Appraisal District records.
"Unfortunately, in a big company setting, sometimes one department

doesn't know what another department is doing," Hance said. "And

while we still don't know for sure exactly what happened, that

certainly could have been the case here."
EMC has declined to comment beyond its statement.
It has been 61/2 weeks since Field Asset Services cleared out the

Dickson house.
Cedar Park police and the Dicksons have questioned Field Asset to

find out where the belongings were taken.
Both said they were told that the Dickson property was split up among

various area Goodwills, but police officers were unable to verify

that claim, said Capt. Mike Harman of the Cedar Park Police

The police officer on duty spoke to operations supervisor Ashley

Nipper at Field Asset, and according to the report, she said she

didn't understand "what the big deal was," and that the company had

an order from the mortgage company.
The Dicksons searched five area Goodwills but came home empty-handed.
Field Assets' human resources manager, who declined to give her name,

said the company would have no comment. Hance said Field Asset

Services has not responded to his two demand letters.
In an e-mail Thursday, Nipper said: "I am not at liberty to comment

to the press on any matters concerning our clients or our company. I

apologize for the inconvenience."
When told of Nipper's initial comments to the police, Hance responded

Friday: "A month and a half into it, the silence is especially

frustrating because if they (Field Assets) would have understood 'the

big deal' from the beginning, and told the Dicksons where their

belongings had been taken that night, this entire thing could have

been avoided."
The Dickson family said they doubt their things will ever be

Before the settlement offer Friday, Bobo Dickson said the family felt

"violated, and the people who did this are not being forthcoming at

After a month of the children sleeping on the floor, the Dicksons

have started to buy some furniture, including beds and pillows for

their children, Grace, 7 and Ebubechi, 3.
The clothes they wear were bought at garage sales, they said.
The Dicksons said some of their belongings were irreplaceable: the

trunk of traditional African wedding attire and jewelry that had been

passed along to Joy when she became Bobo's bride; the original

scripts that Joy, a screenwriter, had created. Then there was a

dollar bill that was tucked inside Grace's piggybank.
The bill was sentimental because Grace wanted a laptop computer and

offered to give the dollar to her mother, wondering if it would help

in the purchase. Joy said she was touched and wrote on the bill:

"Trust God for more." Then she slipped the dollar back into the

piggybank. Later, they were able to purchase that laptop.
The Dicksons did, however, get back three of their photos. Hance and

the Dicksons said a Field Asset truck driver called the Dicksons'

title company and arranged to meet and give back framed wedding

photos. The title company then called the Dicksons' lawyer to return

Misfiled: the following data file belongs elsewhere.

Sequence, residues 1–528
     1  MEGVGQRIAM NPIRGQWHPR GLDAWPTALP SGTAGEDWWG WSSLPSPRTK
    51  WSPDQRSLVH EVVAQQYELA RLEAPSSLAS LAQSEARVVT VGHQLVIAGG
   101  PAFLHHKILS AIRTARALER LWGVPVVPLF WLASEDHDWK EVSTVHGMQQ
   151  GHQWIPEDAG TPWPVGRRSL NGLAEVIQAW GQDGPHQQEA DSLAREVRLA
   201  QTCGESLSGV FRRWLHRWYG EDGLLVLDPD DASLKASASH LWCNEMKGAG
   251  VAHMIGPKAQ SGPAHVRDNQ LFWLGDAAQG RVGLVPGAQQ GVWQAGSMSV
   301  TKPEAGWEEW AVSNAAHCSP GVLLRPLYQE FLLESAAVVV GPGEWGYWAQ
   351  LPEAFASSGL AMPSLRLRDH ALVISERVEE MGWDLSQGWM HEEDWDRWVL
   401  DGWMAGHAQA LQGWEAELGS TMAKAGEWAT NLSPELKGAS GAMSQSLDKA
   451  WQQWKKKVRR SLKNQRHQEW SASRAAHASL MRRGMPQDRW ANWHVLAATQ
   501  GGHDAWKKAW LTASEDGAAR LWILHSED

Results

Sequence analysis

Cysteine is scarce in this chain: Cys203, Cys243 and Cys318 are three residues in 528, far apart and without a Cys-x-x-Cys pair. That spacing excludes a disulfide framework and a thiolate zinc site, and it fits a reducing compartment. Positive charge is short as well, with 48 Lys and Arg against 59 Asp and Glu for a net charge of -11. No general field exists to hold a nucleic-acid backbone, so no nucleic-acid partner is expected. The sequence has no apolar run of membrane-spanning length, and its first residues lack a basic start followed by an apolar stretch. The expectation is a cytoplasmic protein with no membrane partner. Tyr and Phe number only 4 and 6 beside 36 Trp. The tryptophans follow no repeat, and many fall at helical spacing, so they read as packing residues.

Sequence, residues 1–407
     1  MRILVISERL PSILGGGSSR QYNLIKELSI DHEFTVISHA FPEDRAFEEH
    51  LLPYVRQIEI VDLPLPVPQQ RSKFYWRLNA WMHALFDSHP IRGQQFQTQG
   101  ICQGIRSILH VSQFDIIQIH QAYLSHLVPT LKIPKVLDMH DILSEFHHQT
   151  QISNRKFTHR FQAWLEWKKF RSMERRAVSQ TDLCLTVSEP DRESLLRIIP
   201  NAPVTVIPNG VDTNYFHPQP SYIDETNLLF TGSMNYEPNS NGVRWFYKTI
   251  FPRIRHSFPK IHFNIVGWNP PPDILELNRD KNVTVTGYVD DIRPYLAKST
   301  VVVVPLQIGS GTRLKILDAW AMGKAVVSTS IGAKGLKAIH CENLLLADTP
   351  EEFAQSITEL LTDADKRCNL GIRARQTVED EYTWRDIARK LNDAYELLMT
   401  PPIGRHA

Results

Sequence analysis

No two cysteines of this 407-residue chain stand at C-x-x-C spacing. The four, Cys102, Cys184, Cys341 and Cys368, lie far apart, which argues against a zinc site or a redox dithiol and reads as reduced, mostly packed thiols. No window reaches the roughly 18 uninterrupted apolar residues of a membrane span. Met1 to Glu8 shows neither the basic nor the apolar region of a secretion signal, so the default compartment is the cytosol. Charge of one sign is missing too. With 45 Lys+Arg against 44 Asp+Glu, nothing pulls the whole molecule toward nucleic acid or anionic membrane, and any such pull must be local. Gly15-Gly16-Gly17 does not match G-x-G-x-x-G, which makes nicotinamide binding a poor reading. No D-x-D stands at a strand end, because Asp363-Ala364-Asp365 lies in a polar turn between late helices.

the photos.
"We're just trying to get by," Joy Dickson said last week. "We feel

horrible. ... words cannot describe."
As the weeks have dragged on, Hance said, he has become increasingly

"You have a couple of options when you do something wrong," he said.

"You can hide from it and pretend it didn't happen, or you can step

up and do the right thing."
Brad Burnie, a mortgage originator with Amerinet Mortgage, the lender

on the Dicksons' loan, said the couple's case is "a classic American

dream story" gone awry.
When the Dicksons closed on the house, they were ecstatic, Burnie

said. "It was the best closing I ever had. These people were beaming.

They were saying in the parking lot, 'America is wonderful.' "
Days later, Burnie said, he got a call about what he said was a "huge

Harman said the district attorney's office does not expect to file

criminal charges and that the case will probably be handled as a

civil matter.
The Dicksons' real estate agent, Elizabeth Bradburn, said, "It's

shocking. I never imagined that something like this could happen."
Bradburn said she "never felt so helpless that I could do nothing for

my clients when someone has done them wrong in this business."; 912-2942.; 445-3856

Anonymous said...

Well dave m, if that house is still listed under foreclosure (lucky stars still are out there) maybe they will have someone will buy it out from under them and end up cash heavy and ready for the day!

Anonymous said...

Am new to this blog/site, so do not know if most know/understand the "Debt Rattle", play on words, let alone ever experienced an actual
Death Rattle

Anonymous said...

Anonymous #2

Many of us are old here! Go away!


Anonymous said...

Anonymous #2,

Anyone who doesn't get the double entendre of the site title is precluded from locating the URL by mystical forces.

I experienced my last death rattle when my late black lab died in my arms. I have had more pleasant experiences.

Bigelow said...

The Whitehouse Coup
“The coup was aimed at toppling President Franklin D Roosevelt with the help of half-a-million war veterans. The plotters, who were alleged to involve some of the most famous families in America, (owners of Heinz, Birds Eye, Goodtea, Maxwell Hse & George Bush’s Grandfather, Prescott) believed that their country should adopt the policies of Hitler and Mussolini to beat the great depression.”